Ghana loses $30m to ban on veggies to EU market
Ghana has lost about US$30 million in revenue as a result of the ban on vegetable exports into the European Union (EU).
The amount was lost between the period 2014 and 2017 when the country was found to be non-complaint with the EU standards on the export of vegetables.
However, in its quest to reverse the ban, the government has put in place the requisite measures in anticipation of a team from the Food and Veterinary Office of the EU that is expected in the country in September this year to assess the quality of Ghana’s vegetables and possibly reverse the three-year export ban to the EU.
In what is expected to be welcome news to players in the industry, a highly placed source at the Ministry of Food and Agriculture (MoFA) told the GRAPHIC BUSINESS last Wednesday, in Accra that the government had upgraded sanitary and phytosanitary systems after the weak system earned the country a ban on exports of five vegetables which included capsicum, solanum species-aubergines, momordica, luffa and lagenaria (gourd family) after failing an assessment in 2015 due to high levels of interceptions in the EU market.
For instance, the source, who spoke on grounds of anonymity, said the Kotoka International Airport (KIA) had now been equipped to facilitate exports of vegetables to the EU market. A requisite measure has been put in place to facilitate the work of the EU team after which a positive result is highly anticipated.
The source, which is also a member of a task force put in place to ensure that the ban is lifted, explained that work was also underway to streamline the horticultural value chain to help Ghana overturn the EU ban.
“Today, there are a lot of infrastructure upgrades at the airport which include upgrading inspection facilities, personnel improvement, modern equipment all geared towards ensuring the lifting of the ban,” the source said.
“The EU has put in place certain conditions based on which the ban will be lifted. So we are making sure that the actions will be taken. In addition to that, we are taking steps to comply with the EU’s regulations and also trying to restructure our own internal arrangements, as well as getting the right personnel manning activities at the ports of entry and in the various regions.”
“So I am very confident that with all the work we have done so far, in collaboration with the stakeholders, we are prepared now to receive the delegation from the EU to assess us in mid-September so that the ban can be lifted to enable business to go on,” it added.
The EU ban
The EU in October 2014 banned the export of gourds and Asian vegetables such as chillies, aubergine and other vegetables from Ghana to its markets because of suspicions that the farm produce were infested with pests and therefore, were being introduced into the ecosystem of the EU.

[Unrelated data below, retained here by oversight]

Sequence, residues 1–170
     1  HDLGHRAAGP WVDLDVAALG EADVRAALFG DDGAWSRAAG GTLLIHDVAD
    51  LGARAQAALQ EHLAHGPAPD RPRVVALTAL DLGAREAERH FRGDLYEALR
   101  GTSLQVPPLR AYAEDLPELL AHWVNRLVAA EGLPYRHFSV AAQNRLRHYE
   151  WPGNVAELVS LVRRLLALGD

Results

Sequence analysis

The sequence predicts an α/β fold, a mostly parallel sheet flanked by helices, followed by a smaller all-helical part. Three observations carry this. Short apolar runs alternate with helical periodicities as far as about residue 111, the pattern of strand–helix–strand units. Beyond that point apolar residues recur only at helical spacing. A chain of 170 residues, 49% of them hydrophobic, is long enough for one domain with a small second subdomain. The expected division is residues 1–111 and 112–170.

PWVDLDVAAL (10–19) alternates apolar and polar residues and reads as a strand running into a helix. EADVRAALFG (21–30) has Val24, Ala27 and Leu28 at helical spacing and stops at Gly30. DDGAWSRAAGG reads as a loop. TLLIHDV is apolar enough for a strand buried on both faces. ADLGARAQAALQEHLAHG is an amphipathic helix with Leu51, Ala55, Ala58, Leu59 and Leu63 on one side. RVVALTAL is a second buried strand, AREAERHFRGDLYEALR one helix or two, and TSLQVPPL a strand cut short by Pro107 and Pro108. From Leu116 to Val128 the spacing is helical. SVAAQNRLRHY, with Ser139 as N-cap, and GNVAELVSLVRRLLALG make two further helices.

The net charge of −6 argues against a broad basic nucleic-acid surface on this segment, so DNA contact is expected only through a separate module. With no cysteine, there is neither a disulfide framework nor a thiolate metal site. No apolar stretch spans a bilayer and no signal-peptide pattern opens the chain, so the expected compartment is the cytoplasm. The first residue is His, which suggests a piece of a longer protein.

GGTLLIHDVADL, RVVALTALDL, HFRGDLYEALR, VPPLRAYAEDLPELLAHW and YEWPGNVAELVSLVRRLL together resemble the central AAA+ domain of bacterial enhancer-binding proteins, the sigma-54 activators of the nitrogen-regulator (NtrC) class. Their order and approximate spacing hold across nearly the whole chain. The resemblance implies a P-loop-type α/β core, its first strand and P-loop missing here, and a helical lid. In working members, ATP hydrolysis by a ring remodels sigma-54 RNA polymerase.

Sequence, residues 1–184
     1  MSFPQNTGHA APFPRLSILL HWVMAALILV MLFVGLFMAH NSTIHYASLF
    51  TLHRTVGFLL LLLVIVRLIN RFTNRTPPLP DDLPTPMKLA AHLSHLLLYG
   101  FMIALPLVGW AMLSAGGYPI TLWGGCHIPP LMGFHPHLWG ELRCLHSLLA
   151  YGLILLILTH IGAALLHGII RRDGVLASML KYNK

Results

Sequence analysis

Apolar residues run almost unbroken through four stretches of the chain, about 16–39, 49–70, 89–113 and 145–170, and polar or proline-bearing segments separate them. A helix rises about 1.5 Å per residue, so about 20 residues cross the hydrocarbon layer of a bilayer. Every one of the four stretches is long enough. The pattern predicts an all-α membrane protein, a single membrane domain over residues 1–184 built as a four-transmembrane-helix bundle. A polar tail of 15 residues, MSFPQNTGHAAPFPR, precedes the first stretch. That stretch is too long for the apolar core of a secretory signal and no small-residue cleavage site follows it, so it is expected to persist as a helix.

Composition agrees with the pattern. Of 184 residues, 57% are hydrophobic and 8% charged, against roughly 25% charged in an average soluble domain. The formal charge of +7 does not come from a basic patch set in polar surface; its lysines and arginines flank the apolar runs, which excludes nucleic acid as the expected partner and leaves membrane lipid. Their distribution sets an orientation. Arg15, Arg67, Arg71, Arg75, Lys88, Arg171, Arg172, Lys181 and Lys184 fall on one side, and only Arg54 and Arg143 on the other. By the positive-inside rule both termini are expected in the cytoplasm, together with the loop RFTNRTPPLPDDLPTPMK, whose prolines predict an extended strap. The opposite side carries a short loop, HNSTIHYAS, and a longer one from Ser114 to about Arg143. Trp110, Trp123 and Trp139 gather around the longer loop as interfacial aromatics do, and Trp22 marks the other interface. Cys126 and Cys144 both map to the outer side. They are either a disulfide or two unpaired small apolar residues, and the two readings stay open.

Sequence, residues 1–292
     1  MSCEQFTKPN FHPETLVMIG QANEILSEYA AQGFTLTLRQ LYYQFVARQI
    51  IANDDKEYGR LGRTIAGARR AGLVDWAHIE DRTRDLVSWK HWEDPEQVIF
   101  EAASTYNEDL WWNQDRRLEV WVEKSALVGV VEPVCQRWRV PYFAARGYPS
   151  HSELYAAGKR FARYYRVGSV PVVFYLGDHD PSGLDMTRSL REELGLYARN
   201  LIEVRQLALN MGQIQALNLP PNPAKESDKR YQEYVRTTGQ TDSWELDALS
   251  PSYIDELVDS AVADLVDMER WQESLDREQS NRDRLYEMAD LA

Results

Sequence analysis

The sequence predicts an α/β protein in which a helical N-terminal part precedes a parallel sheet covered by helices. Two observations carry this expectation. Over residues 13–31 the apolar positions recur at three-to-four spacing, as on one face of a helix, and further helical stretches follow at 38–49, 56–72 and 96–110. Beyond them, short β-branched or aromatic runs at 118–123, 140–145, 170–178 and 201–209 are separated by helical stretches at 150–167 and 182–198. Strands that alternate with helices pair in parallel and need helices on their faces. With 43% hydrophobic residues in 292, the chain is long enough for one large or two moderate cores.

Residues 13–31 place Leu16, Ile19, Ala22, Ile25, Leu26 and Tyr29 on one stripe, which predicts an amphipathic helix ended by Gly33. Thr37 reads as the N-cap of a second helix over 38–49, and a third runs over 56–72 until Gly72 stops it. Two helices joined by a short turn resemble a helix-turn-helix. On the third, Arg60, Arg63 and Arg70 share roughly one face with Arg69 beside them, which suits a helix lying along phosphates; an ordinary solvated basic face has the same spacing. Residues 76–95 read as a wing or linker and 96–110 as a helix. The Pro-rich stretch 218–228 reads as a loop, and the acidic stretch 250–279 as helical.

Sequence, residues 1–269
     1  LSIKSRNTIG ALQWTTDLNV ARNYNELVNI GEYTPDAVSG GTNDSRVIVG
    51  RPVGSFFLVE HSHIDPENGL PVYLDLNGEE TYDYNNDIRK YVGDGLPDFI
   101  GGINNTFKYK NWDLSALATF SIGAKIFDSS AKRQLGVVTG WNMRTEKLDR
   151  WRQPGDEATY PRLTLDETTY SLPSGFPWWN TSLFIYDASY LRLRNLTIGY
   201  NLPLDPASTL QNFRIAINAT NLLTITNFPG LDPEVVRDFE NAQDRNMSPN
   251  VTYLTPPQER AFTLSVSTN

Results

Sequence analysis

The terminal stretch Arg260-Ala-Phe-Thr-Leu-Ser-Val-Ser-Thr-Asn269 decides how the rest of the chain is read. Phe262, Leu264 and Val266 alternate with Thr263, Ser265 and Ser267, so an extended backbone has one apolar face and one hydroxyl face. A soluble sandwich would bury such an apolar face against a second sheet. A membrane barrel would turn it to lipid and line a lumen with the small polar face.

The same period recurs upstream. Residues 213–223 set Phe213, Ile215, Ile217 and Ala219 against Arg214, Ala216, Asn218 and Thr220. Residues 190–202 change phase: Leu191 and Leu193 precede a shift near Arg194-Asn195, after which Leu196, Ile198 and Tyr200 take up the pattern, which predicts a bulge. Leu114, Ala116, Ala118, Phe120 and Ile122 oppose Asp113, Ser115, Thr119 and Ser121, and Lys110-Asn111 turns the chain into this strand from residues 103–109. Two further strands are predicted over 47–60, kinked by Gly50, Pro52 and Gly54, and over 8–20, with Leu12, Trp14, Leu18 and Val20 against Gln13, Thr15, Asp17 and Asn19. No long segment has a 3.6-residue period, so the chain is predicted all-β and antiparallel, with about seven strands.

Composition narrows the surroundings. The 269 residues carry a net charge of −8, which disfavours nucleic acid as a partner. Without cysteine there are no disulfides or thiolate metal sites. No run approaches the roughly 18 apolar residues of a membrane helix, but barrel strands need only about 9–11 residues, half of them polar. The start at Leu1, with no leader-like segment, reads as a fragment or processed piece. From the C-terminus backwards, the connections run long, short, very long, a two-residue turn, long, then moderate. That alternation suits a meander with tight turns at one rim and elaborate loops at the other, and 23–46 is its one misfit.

The ban has resulted in the country losing more than US$30million in export revenue from five selected vegetables banned from entering into the EU market.
To help overturn the fortune, the government says it is deploying the needed mechanisms through the horticultural value chain to help Ghana to overturn the EU ban.
Towards that end, the government has upgraded sanitary and phytosanitary systems at the country’s export point of exit to ensure the ban is reviewed.
The task force that is ensuring that the ban is reversed says it has now put in place the right mechanisms which include upgrading exporting facilities at the Kotoka International Airport (KIA) and skills of Plant Protection And Regulatory Services Directorate (PPRSD) inspectors to pave the way for the ban on these five vegetables to be reversed.
The vegetable producers have explained that lifting of the ban will not only increase revenue for the government but also revive the business of exporters and farmers who lost their business when the ban was slapped on Ghana in 2014.
The Managing Partner of JEGS Company Limited, an indigenous pepper processing start-up, Mr Samuel Gyan, said lifting of the ban would help overturn the fortunes of the vegetable industry in Ghana.
With high optimism about the ban being lifted, Mr Gyan observed that once the ban was lifted, the government must also put stringent measures in place to prevent a recurrence of the situation that led to the deterioration of the facilities at the KIA.
“Lifting of the ban will be able to make the vegetable industry in Ghana very viable and help grow the agricultural sector in general,” he said, and added that, “the five main vegetable produce that have been banned have made industry players quite stranded over the past two years.”
Mrs Rita Appiah, a vegetable exporter who went out of business as a result of the ban, said she had already started putting the necessary measures in place to begin exporting again into the EU market once the ban was lifted.
Mrs Appiah, who exported chillies, aubergine and other vegetables from Ghana in large quantities into the EU market but went out of business as a result of the ban said, “Before the ban, Ghana used to be the fifth exporter of fresh vegetables to the EU market and we are hopeful that once the ban is lifted within a period of one year, the fortune of the industry will be overturned.”